“That was the hardest thing for me,” she said.
She sent money as often as she could, and picked the boy up a year later. They have not returned since.
A complicated process
Torres-Medrano is now living with her sister Selene Torres-Medrano, a Umatilla city councilor.
Selene recently made a passionate plea during a council meeting for community members to show compassion to their immigrant neighbors. She was born in the United States, but she has been touched by her sister’s story, by growing up in the care of her undocumented mother, and by friends who are undocumented “Dreamers,” not allowed to become citizens of the country they grew up in.
She remembers waiting each night with Thalia for their mother to come home from working in the fields, sometimes for less than minimum wage. They stayed inside and hid when there were rumors of immigration officials — “la migra” — in town. And they knew if mom didn’t come home they were supposed to call their aunt and tell her she had been taken away.
In the end it was their aunt who was deported and their cousins who made that call to them.
“I do remember it was a pretty sad time in our family,” Selene said. “The kids were left behind and we didn’t know what would happen. Our cousins missed their mom.”
The cousins — U.S. citizens — went to Mexico for a while, but the region where they lived didn’t have a school that went past elementary level and so eventually their mother sent them back to the United States to get an education and start their families where there is more opportunity, less poverty and less violence.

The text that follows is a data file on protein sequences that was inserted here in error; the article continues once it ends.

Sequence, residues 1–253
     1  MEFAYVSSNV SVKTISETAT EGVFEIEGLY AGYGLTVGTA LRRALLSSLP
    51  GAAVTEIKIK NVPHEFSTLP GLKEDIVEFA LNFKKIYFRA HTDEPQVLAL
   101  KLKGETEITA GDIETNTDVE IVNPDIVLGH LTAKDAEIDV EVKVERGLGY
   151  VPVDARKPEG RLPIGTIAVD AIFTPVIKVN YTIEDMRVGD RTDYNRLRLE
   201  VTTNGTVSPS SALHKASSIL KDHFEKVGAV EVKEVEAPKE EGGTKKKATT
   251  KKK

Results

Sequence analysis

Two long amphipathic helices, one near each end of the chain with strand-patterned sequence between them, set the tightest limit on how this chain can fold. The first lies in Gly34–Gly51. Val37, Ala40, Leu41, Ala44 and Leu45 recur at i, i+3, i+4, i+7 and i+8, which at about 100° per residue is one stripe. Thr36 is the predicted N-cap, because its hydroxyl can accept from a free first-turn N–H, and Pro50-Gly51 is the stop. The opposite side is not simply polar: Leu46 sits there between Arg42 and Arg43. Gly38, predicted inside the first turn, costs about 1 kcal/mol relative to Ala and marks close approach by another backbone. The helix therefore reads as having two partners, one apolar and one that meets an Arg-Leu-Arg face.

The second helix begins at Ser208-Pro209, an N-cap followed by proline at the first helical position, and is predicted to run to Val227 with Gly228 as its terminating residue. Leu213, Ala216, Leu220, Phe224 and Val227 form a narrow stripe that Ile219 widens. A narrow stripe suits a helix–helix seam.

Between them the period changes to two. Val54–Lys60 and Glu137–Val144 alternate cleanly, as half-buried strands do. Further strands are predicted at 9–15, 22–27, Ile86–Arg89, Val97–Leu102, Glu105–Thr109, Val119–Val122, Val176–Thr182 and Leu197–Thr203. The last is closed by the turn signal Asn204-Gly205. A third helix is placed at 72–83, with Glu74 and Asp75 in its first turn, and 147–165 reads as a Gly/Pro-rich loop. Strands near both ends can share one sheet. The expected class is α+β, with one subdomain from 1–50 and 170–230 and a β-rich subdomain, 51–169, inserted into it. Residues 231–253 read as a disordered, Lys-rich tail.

“My aunt can’t be part of her kids’ life,” Selene said. “She can’t be a grandma. She misses those milestones, those birthdays. It’s hard on my cousins.”
Immigrating legally from Mexico costs more than many are able to afford and it takes years, even decades. That’s not counting the 10 years that those who have been deported from the U.S. must wait before trying to return legally. Congress has so far declined to create a path to citizenship for those currently living in the country undocumented.
Selene said she can’t believe the misconceptions people spout about undocumented immigrants. She doesn’t understand why Americans think that people who walked thousands of miles across the desert, risking death and rape and enslavement, then suddenly decided they were too lazy to fill out some paperwork that would solve all their problems.
“It’s not like the DMV, where you go and get in line for a couple of hours and you get your paperwork settled and they call and say you’re going to take your test in a couple of weeks,” she said. “Is that how people think it works?”
Selene worries about Initiative Petition 22, which will allow voters this fall to vote on Oregon’s “sanctuary” status, which bars local law enforcement from using their resources to apprehend people whose only crime is being in the country illegally. She said even citizens such as herself could be affected by racial profiling — being pulled over and asked to prove their citizenship because of the way they look.
Thalia said it has been hard seeing so much about immigration on the news, from debates about DACA to children being separated from their parents at the border. She cried when she talked about seeing a news report about a man in his 60s who was deported from his wife and family — and realized she was jealous of him.
“I think, you guys had all those years together and I didn’t even make it to adulthood,” she said. “We didn’t end it, they ended it for us. He just got taken away ... It hurts me because I get reminded that I’m part of that.”
Contact Jade McDowell at firstname.lastname@example.org or 541-564-4536.